Customer Service | Help | FAQ | PEP-Easy | Report a Data Error | About
Tip: To keep track of most popular articles…

PEP-Web Tip of the Day

You can always keep track of the Most Popular Journal Articles on PEP Web by checking the PEP tab found on the homepage.

For the complete list of tips, see PEP-Web Tips on the PEP-Web support page.

Glauber, I.P. (1963). Federn's Annotation of Freud's Theory of Anxiety. J. Amer. Psychoanal. Assn., 11:84-96.

(1963). Journal of the American Psychoanalytic Association, 11:84-96

Federn's Annotation of Freud's Theory of Anxiety

I. Peter Glauber, M.D.

DURING THE last few years of his life, Federn conducted a seminar on Freud's works. While almost the entire time was devoted to the exposition of Freud's ideas, Federn would on occasion refer to and explain some of his own observations and concepts of ego psychology. The last book discussed was Hemmung, Symptom und Angst, or The Problem of Anxiety as it is called in the Bunker translation (2). Federn left me this book. In its margins he wrote a liberal number of annotations, done presumably when he was reviewing the material in preparation for the seminar. It seemed a fitting way to honor the memory of Federn on the occasion of the tenth anniversary of his death to present herewith these distinctive and challenging marginalia. Many annotations are quoted fully; some are summarized. The organization of the material falls naturally into two related domains: Federn's distinctive views on the nature and functioning of the ego on the one hand, and those on anxiety on the other. For the sake of greater clarity it was decided to include only the marginalia dealing with these subjects in so far as they interrelate. Fortunately, these constitute the largest number.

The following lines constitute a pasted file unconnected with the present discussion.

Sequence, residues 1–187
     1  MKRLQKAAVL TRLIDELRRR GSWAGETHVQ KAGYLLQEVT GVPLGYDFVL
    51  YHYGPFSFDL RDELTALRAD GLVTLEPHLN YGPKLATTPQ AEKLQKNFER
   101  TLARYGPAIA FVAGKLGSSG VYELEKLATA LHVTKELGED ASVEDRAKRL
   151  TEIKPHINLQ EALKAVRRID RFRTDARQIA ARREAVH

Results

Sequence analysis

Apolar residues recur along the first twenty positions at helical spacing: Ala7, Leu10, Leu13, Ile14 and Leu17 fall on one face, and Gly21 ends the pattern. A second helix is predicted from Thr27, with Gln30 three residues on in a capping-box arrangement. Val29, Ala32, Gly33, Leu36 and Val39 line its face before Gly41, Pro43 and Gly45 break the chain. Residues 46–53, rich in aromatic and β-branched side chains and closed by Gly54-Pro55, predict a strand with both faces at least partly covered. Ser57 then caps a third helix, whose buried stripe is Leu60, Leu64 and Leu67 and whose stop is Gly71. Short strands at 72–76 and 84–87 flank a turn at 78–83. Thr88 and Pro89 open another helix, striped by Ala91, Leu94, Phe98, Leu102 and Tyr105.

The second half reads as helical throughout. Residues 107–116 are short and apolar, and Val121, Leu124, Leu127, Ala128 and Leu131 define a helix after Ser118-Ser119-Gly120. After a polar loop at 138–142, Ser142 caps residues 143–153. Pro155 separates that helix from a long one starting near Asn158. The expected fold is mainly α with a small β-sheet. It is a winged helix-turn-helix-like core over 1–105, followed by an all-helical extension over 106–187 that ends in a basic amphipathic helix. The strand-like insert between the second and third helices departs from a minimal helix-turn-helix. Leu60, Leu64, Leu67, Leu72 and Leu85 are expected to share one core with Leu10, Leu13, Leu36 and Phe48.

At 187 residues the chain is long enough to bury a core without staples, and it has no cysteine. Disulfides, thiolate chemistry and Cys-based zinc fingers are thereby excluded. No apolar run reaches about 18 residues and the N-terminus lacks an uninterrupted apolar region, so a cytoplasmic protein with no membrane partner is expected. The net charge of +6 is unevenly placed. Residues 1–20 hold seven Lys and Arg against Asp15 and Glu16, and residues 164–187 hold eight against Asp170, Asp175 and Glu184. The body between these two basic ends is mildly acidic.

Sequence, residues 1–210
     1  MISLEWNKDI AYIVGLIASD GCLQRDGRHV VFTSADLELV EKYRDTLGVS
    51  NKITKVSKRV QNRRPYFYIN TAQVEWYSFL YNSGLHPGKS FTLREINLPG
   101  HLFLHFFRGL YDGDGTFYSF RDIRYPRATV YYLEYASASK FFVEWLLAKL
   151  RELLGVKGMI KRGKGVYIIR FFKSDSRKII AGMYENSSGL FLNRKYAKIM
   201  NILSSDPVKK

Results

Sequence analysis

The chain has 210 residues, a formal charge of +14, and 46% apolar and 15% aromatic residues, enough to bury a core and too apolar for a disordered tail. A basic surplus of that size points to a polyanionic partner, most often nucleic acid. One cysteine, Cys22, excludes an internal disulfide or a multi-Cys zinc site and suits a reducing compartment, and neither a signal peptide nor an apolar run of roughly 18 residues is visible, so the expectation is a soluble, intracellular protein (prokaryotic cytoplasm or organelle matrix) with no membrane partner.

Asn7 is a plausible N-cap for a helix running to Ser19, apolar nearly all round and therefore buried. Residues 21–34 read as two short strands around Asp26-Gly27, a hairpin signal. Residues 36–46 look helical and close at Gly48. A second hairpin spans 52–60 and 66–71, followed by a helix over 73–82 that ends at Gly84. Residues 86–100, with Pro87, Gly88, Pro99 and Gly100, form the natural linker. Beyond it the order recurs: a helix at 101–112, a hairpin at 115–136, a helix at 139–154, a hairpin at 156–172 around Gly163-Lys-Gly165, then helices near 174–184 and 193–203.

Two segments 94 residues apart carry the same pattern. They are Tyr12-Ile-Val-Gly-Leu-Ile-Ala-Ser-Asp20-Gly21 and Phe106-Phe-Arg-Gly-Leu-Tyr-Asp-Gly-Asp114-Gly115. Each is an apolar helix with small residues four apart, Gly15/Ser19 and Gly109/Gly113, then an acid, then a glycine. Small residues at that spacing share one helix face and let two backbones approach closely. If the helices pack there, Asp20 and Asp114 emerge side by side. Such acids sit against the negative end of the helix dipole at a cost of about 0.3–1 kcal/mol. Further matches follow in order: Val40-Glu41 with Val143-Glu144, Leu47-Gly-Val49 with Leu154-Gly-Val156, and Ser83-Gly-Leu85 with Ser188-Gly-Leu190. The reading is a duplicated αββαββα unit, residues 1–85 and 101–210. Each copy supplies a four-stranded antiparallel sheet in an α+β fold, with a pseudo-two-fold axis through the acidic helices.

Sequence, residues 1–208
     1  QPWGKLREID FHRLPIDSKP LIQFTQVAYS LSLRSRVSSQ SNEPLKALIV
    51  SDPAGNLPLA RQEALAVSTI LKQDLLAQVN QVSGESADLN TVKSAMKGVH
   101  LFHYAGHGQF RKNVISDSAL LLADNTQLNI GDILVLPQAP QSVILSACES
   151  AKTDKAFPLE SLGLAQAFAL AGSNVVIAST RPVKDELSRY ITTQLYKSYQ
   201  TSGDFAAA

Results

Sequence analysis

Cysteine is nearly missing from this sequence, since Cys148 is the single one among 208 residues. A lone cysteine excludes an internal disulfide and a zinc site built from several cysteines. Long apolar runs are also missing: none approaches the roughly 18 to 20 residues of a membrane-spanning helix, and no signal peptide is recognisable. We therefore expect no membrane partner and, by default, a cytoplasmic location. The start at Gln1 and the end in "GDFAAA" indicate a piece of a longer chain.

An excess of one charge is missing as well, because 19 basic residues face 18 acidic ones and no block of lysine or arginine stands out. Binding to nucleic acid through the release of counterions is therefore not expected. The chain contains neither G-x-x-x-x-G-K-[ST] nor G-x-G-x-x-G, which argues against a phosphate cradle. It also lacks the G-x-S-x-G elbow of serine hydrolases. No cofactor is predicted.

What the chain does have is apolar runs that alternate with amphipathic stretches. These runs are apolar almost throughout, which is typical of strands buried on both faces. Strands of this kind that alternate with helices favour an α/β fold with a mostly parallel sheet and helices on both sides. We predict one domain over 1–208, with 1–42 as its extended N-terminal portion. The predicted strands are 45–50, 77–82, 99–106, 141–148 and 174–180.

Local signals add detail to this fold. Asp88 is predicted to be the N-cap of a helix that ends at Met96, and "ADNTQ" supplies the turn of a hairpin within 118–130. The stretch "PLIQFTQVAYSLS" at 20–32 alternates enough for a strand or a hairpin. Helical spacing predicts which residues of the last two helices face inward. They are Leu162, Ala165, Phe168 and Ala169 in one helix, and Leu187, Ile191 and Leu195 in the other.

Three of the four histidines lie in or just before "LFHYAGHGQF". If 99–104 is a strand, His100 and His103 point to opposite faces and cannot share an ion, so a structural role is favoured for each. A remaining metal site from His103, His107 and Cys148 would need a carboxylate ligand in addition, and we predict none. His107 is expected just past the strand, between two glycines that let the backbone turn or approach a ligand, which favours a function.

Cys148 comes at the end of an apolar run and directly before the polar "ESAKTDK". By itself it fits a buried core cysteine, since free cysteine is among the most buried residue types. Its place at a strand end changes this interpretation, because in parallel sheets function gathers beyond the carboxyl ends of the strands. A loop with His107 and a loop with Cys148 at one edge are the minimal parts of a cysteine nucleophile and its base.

[This is a summary or excerpt from the full text of the book or article. The full text of the document is available to subscribers.]

Copyright © 2019, Psychoanalytic Electronic Publishing, ISSN 2472-6982 Customer Service | Help | FAQ | Download PEP Bibliography | Report a Data Error | About

WARNING! This text is printed for personal use. It is copyright to the journal in which it originally appeared. It is illegal to redistribute it in any form.